Why 'Hot Gym Girl' Is a Grosser Nickname Than 'Hot Gym Boy'

Guys give fake names to members of the opposite sex behind their backs just like girls do—and often get in more trouble for it.

A scene from Greek, a show in which lead character Cappie, left, and his friends are known to bestow nicknames like "Saran Wrap" on girls—signaling that she's "too clingy." (ABC Family)

Earlier this week, Sara Ashley O'Brien investigated what's behind young women's habit of nicknaming the guys they're dating ("Hot Gym Boy," for example, or "The Repentant Whore"). According to a relationship educator quoted in the story, women frequently refrain from using real names to minimize the hurt if the budding relationship doesn't bloom.

That young women do this is a fascinating micro-example of the social and psychological function of names, and certainly a relatable one. I, too, have partaken in the use of names like "Jailbait," "Coffee-Shop Boy," "Steve the Former"/"Steve the Latter," on the occasion that the ex-guy and the new guy shared the same first name, and "Throwback Tim" to commemorate the casual rekindling of a long-extinguished flame.

But the practice of assigning these behind-the-back nicknames isn't limited to just women. Men have a similarly rich—and decidedly more controversial—tradition of nicknaming members of the opposite sex based on their appearances, characteristics, and behaviors.

Just ask a bro.

Nicknaming extends far beyond college-enrolled males between the ages of 18 and 22 who have pledged and initiated a fraternity, of course, and certainly not all frat affiliates are habitual nicknamers. But if you wanted to see this bit of sociolinguistics in action, you could start by visiting your friendly neighborhood university campus or frat quad.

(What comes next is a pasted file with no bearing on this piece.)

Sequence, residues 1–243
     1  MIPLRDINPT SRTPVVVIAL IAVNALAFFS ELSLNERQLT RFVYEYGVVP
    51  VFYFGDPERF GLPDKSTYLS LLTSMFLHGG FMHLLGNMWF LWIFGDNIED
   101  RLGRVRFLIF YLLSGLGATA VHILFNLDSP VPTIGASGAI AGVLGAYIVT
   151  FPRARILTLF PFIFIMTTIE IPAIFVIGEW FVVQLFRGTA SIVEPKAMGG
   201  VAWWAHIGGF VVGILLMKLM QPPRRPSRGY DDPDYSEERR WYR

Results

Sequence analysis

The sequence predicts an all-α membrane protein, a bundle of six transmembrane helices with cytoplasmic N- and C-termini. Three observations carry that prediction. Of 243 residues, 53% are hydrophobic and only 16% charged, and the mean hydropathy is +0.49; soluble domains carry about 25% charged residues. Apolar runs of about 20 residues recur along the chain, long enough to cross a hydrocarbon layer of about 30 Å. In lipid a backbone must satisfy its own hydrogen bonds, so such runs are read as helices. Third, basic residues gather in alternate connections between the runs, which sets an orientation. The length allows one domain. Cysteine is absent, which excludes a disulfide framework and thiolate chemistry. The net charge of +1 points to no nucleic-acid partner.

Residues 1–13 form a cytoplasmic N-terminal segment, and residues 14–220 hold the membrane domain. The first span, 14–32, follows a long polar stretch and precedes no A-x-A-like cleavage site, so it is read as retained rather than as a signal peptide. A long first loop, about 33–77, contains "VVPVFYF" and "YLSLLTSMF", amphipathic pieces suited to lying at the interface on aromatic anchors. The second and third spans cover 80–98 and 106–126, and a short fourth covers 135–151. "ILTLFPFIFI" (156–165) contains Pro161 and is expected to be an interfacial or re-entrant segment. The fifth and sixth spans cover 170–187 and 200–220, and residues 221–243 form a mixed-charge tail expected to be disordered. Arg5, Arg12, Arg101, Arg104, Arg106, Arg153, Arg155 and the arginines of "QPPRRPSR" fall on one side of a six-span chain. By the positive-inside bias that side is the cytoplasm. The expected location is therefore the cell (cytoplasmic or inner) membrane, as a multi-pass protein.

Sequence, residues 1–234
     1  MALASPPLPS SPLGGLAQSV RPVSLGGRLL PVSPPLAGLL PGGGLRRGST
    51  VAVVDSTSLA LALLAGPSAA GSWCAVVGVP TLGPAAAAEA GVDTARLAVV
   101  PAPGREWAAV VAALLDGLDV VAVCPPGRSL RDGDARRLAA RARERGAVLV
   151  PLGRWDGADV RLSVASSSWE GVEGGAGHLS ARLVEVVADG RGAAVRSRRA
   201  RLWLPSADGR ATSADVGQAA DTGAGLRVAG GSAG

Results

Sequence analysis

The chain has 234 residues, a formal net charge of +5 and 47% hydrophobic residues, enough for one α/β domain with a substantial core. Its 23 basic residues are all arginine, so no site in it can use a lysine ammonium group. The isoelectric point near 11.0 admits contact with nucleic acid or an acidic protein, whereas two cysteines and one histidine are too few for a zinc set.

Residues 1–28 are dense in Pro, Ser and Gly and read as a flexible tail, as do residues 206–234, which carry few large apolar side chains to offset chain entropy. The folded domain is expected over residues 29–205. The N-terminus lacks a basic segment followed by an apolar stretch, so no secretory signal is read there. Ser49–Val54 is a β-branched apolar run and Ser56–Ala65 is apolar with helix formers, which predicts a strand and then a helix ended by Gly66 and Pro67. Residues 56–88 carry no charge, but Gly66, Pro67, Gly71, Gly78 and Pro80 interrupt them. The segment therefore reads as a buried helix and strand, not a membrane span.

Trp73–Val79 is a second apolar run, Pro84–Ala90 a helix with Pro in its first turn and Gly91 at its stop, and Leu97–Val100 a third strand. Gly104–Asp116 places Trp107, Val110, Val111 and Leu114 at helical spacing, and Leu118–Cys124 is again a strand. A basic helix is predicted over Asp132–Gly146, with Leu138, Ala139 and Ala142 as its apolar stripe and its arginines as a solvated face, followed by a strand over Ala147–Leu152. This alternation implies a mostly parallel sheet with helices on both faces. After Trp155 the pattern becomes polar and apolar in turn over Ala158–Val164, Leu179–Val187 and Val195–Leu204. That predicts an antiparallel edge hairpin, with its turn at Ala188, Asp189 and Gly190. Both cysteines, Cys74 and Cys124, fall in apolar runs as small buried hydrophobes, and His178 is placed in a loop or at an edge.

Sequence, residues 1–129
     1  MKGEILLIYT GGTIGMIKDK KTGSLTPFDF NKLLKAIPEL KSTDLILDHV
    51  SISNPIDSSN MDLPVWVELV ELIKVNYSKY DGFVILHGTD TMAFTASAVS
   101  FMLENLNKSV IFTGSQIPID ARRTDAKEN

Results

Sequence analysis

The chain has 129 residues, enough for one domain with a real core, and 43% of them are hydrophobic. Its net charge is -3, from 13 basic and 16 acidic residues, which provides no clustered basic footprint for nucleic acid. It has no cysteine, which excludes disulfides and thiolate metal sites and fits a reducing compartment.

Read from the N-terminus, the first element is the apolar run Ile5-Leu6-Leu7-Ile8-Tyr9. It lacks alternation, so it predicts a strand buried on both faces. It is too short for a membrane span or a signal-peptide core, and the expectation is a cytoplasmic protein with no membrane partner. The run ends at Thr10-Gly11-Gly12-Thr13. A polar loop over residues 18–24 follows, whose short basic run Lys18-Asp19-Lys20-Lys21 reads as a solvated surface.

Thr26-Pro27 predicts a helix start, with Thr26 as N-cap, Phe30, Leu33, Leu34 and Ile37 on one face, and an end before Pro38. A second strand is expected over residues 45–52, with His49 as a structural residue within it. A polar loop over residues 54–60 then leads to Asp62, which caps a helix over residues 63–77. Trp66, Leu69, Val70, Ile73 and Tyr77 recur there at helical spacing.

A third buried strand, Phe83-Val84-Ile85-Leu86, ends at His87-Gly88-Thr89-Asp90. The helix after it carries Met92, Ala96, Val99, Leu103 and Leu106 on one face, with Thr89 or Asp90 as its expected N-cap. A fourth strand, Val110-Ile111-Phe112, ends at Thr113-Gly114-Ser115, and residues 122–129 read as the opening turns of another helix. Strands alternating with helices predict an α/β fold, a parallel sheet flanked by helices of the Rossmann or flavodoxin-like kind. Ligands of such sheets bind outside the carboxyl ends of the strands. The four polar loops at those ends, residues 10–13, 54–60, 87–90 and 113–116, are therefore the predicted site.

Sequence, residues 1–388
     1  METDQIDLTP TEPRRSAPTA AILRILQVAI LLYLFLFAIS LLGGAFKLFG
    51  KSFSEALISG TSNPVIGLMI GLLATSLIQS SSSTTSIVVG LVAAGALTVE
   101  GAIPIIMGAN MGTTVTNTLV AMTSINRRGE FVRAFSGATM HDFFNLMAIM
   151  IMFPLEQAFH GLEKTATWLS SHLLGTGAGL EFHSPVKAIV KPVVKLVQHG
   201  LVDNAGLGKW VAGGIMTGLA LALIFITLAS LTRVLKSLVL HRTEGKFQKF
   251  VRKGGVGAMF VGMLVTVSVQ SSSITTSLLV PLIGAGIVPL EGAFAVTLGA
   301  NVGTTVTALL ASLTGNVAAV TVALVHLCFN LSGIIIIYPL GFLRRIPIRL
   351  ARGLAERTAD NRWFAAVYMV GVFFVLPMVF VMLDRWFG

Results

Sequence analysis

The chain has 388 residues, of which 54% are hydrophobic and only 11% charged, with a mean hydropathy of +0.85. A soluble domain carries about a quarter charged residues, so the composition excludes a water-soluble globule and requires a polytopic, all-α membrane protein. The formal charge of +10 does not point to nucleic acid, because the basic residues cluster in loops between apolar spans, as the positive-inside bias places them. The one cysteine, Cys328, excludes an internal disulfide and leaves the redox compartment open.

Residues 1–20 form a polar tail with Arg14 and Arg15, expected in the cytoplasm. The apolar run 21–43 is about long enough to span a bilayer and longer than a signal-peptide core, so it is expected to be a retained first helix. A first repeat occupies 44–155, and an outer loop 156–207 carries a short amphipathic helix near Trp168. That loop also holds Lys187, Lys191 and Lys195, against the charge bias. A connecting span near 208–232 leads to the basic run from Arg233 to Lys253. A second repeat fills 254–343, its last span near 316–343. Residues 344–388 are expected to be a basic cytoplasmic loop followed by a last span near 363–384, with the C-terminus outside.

In April 2009, the now-dormant frat-humor blog Bros Like This Site began its running list of things that bros like, starting with a first entry titled, "#1: Talking About How Wasted They Got." In June, the list reached No. 28: "Giving Girls Nicknames." An excerpt from a passage about glimpsing a seemingly beautiful girl from a distance:

That's when I saw it. Her face. It looked as though her face had been hanging out with those refugee kids playing with landmines in Pakistan from "Charlie Wilson's War," no actually that's too kind—imagine taking a buzz saw to Snuffulopugus's [sic] trunk and leaving just a stump. Immediately, all bros met eyes and nodded knowing, "She needs a nickname." Within 10 minutes we had narrowed it down to two names: Duckbilled Platypus and Snorkel. After much debate right in front of her we decided to go with Snorkel.

The author goes on to describe what sorts of nicknames girls get: Sexual behavior-related nicknames ("she might be known as 'The Camel' in reference to [her] spitting ability"), "hot girl you don't know" nicknames (which are generally based on where said hot girl is generally observed, such as "Ethics class girl" and "HR girl"), and nicknames reflecting physical characteristics ("one of my bros used to hook up with a ridiculously hot girl, however unfortunately for her and very fortunate for us, she had a blond mustache ... She was known as 'The Walrus' going forward").

The Bros Like This Site post attracted 470 comments, most of them recounting stories of having nicknamed girls similarly in the past. Many were anonymous; others came from commenter handles like "BroKingNJ" and "Brocho Cinco." A sampling of the (more publishable) responses:

SmokeHouse Turkey: some really hot turkish girl who lived in the bro dorm